Author: Mackillop, James
Date published: June 23, 2010
Journal code: SYNT
Sandler and Young
Appleseed's Wedding Singer adds a pleasing 1980s musical bounce to an Adam Sandler movie showcase
June had become a slack time for Syracuse theaters, when all the action was in Cortland, Auburn and Ithaca. Then in 2007 Appleseed Productions director Greg Hipius decided to bring in more than two dozen men in wigs and knee britches for the Declaration of Independence musical, 1776. It became an unexpected hit, spawning a mini-tradition with the company.
Enter Dustin Czarny, Appleseed's departing board chair. As he has started two companies on his own, the improv group Don't Feed the Actors and a dinner theater outfit at the Locker Room on Hiawatha Boulevard, Not Another Theater Company, he's marking his departure from Appleseed with a lengthy program note. To leave with a bang he's putting more than 40 people on the basement stage of the Atonement Lutheran Church, 116 W. Glen Ave., eight of whom are in the band. As some of the actors are taking multiple speaking roles, not credited in the program, only he knows how many characters there are in the much-anticipated production of The Wedding Singer.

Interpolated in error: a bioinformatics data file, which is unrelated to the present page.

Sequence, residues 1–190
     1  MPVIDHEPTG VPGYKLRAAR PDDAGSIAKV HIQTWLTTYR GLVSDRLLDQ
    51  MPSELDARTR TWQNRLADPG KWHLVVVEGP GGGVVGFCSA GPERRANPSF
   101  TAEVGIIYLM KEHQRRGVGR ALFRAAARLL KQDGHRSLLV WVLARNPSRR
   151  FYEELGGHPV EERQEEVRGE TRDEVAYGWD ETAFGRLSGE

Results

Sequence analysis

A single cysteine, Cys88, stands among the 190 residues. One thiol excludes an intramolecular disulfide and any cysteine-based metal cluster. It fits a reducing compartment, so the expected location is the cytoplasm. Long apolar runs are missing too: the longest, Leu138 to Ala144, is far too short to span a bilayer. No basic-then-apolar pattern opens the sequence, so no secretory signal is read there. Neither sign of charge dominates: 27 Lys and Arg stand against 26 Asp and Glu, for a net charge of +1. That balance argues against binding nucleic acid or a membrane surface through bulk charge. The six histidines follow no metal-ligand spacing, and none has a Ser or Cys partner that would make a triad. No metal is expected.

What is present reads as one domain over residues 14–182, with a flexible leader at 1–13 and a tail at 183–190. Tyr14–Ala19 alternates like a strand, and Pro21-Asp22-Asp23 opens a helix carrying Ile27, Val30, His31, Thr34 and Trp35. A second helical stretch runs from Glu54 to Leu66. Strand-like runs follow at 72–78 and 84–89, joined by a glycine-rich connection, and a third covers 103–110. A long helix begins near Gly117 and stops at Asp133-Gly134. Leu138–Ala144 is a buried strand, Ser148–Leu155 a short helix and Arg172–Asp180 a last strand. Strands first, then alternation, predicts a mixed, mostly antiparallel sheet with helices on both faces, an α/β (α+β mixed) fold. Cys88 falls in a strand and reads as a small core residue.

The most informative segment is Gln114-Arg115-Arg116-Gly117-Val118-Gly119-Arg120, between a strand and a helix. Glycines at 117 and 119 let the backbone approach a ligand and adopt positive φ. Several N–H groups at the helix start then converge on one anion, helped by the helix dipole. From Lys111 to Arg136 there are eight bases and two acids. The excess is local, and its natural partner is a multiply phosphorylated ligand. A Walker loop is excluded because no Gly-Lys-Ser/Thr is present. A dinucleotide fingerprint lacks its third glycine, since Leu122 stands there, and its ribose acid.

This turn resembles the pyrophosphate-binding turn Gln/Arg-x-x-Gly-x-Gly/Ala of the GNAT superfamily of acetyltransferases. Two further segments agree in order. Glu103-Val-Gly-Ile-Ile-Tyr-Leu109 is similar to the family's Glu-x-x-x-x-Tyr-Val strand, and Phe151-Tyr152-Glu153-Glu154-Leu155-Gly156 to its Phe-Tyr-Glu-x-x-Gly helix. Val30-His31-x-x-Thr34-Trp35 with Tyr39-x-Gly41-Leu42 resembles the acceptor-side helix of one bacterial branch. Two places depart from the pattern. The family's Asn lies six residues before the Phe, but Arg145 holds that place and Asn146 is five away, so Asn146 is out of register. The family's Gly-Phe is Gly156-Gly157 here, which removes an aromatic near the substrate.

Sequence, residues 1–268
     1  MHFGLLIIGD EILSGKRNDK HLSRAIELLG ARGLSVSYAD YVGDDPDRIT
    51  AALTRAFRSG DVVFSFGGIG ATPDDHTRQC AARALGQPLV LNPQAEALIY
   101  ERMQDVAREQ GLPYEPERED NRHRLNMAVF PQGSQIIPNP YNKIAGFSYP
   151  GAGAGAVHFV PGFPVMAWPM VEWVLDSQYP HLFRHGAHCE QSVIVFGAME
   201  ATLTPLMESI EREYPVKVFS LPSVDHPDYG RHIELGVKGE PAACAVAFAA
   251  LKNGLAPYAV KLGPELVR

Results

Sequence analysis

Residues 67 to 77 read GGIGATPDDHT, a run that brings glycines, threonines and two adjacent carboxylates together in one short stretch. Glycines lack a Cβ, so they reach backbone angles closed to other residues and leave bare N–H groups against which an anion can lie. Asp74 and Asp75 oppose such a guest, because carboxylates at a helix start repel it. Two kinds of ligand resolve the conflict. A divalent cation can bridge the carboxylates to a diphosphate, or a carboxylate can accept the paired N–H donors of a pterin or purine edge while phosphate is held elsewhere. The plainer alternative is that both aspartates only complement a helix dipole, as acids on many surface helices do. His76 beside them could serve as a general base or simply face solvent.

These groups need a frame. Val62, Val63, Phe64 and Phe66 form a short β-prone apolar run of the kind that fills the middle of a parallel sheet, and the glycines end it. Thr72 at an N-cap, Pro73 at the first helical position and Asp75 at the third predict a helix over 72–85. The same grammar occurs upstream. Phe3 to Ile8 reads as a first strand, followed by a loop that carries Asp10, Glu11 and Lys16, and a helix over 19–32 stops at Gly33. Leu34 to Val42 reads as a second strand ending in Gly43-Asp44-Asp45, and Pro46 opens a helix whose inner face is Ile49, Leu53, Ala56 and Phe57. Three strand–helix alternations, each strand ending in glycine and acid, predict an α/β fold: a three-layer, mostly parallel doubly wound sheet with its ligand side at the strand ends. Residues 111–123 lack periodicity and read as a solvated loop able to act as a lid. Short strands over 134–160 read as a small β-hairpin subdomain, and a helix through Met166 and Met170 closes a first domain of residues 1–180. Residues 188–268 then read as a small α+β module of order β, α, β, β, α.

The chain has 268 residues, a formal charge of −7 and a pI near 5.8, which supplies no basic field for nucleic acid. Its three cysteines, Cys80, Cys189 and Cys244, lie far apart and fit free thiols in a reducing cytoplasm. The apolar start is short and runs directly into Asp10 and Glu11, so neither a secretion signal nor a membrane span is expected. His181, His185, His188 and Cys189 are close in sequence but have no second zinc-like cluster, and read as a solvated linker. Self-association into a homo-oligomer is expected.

If you think of The Wedding Singer as an Adam Sandler vehicle, forget it. Sandler is an acquired taste that some of us never got around to acquiring, but that's nothing to hold against the show. A great part of the movie's appeal is hasty mock nostalgia for a bygone era: the 1980s. Singer might have come out in 1998 but the action is assertively set in 1985, flooded with chart hits: "Do You Really Want to Hurt Me?" by Culture Club, "White Wedding" by Billy Idol and Madonna's "Holiday." When The Wedding Singer became a modest Broadway hit in 2006, the original songs were deleted and replaced with new material by Matthew Sklar and Chad Beguelin in the appropriate idiom.
When fashions go out of style, we have learned, they must suffer through a period of being comic before they can become classics. So it is with hand-held phones the size of bricks. Toward this end Czarny has imported award-winning costumer Jeanette Reyner along with reliable Harlow Kisselstein to get just the right (i.e. dated) look for the stomping herd on stage. To keep reminding us of that decade, the script calls for an appearance of Ronald Reagan, or at least a plausible impersonator (Gerrit Vander Werff Jr.). The program neglects to tell who's doing what, but we also have celebrity cameos from the likes of Cyndi Lauper, Imelda Marcos and Iggy Pop.